Until January of 1944, Section 401(g) of the Nationality Act of 1940 imposed loss of nationality for Desertion in Time of War providing the deserter was “convicted thereof by court-martial.” Revised Statutes, Sections 1996 and 1998, added that such persons also lost their citizenship and should be forever incapable of holding any office of trust or profit under the United States, and these provisions were embodied in Articles 18 and 1705 of Navy Regulations. From this disability flowed the proviso in Section 444, Naval Courts and Boards, that an accused so convicted must be discharged from the service, and the court-martial orders interpreted this to require a dishonorable discharge.
On January 20 the Nationality Act was amended so that the loss of nationality does not necessarily result when the accused deserts in time of war and is “convicted thereof by court-martial,” but only when in addition “as the result of such conviction [he] is dismissed or dishonorably discharged from the service . . . .” The amendment further provides: “That notwithstanding loss of nationality or citizenship . . . under the terms of this or previous Acts by reason of desertion committed in time of war, restoration to active duty ... in time of war . . . shall . . . have the immediate effect of restoring . . . citizenship and all civil and political rights…” Re-enlistment of deserters in war time, with permission of competent naval authority, is authorized by a separate section of the amendment, and also effects restoration of citizenship and civil and political rights.
This change in the Nationality Act, then, modifies the requirements of the Revised Statutes, the corresponding sections of the Regulations, and the requirement of dishonorable discharge contained in Naval Courts and Boards. The result is that courts and reviewing authorities may treat the trial of this offense as they do the trials of others. While it may be expected that courts will still continue to include a discharge in their sentence pursuant to established policy, convening and reviewing authorities are now at liberty to withhold the execution of the discharge on probation in cases where the facts disclosed at the trial indicate that such action would be reasonable. This will be particularly appropriate in the cases of men with outstanding war records or in cases where some doubt as to the accused’s guilt, though not enough to require acquittal, may exist. In such cases the men may be retained in the service and afforded a chance to benefit the Navy and redeem themselves. In those cases where the accused is clearly a deserter, the discharge may be executed and the sanctions of the statutes will attach.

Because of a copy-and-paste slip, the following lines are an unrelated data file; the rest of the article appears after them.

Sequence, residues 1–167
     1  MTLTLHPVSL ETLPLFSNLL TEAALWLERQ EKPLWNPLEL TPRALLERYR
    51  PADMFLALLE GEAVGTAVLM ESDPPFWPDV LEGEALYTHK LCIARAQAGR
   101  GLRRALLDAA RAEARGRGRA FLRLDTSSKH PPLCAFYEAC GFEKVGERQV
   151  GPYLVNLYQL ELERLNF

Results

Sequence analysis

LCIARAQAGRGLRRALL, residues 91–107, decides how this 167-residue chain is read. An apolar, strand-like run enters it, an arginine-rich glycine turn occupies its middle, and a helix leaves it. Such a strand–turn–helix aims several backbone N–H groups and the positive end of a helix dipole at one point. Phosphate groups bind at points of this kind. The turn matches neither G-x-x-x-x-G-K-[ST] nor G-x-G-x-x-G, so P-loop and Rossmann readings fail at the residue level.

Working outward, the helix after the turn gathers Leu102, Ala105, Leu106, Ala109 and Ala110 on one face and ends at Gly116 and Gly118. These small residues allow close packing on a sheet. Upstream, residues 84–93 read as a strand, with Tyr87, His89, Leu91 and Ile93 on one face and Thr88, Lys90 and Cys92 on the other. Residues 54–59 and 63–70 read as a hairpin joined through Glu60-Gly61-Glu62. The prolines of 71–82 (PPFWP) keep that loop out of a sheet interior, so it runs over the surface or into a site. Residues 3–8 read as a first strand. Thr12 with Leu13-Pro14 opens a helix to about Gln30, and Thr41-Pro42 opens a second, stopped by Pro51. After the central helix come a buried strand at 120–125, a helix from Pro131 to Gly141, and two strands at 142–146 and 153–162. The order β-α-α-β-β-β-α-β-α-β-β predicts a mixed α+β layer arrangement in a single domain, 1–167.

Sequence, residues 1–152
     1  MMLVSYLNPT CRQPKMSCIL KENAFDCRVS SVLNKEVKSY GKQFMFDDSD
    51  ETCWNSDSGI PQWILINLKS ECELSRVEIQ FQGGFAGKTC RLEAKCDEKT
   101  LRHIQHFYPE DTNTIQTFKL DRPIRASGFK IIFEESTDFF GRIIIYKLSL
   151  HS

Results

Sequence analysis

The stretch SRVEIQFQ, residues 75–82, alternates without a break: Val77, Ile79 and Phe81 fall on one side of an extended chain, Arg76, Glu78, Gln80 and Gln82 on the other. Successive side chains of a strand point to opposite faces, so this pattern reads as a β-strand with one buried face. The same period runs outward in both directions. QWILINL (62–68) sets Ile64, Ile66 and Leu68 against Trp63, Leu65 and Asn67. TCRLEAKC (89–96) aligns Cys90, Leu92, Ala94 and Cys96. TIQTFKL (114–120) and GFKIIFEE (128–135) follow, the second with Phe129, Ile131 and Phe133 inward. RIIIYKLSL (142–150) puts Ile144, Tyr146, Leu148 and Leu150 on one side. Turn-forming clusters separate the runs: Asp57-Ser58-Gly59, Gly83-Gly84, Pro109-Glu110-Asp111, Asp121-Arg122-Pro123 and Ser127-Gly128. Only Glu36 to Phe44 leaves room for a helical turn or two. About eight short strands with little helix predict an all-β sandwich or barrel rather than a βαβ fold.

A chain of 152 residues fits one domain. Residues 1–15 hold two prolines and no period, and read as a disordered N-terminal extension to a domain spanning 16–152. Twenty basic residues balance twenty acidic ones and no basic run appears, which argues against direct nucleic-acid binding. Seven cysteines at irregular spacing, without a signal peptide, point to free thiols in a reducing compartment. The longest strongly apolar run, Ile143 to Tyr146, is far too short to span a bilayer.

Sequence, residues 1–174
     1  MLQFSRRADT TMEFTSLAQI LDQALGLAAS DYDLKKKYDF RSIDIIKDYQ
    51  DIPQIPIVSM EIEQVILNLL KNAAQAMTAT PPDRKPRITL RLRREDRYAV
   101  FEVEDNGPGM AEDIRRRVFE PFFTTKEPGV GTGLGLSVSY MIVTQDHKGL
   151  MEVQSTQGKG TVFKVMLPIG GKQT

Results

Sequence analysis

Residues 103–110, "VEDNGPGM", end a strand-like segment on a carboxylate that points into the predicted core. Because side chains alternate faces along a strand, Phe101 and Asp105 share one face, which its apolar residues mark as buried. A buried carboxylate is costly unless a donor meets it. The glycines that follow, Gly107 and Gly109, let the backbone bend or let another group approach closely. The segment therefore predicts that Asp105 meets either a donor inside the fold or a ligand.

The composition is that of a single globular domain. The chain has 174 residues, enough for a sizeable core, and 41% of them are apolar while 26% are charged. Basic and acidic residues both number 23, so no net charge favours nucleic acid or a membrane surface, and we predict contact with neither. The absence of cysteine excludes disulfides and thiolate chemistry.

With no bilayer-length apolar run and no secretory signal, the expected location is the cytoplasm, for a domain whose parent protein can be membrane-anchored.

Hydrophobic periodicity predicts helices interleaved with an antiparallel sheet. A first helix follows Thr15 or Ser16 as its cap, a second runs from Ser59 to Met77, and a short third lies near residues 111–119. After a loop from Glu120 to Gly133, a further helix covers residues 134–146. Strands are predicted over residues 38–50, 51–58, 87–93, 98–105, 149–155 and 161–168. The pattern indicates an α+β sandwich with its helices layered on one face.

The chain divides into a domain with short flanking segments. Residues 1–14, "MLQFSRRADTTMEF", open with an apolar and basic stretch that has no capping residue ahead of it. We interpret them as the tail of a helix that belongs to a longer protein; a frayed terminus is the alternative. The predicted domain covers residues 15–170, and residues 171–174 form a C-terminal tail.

Thus, under the law as now amended, any injustice which may heretofore have resulted from the inflexible application of the statutory penalties may now be remedied through the re-enlistment provisions, and henceforth courts, convening authorities, and reviewing authorities may deal with this class of naval offenders as they see fit. An impediment to the otherwise uniform operation of the naval disciplinary system has been removed, and the disposition of these naval offenders is placed where it should be, in the hands of the Navy. The amendment to the statute appears to be a change for the better.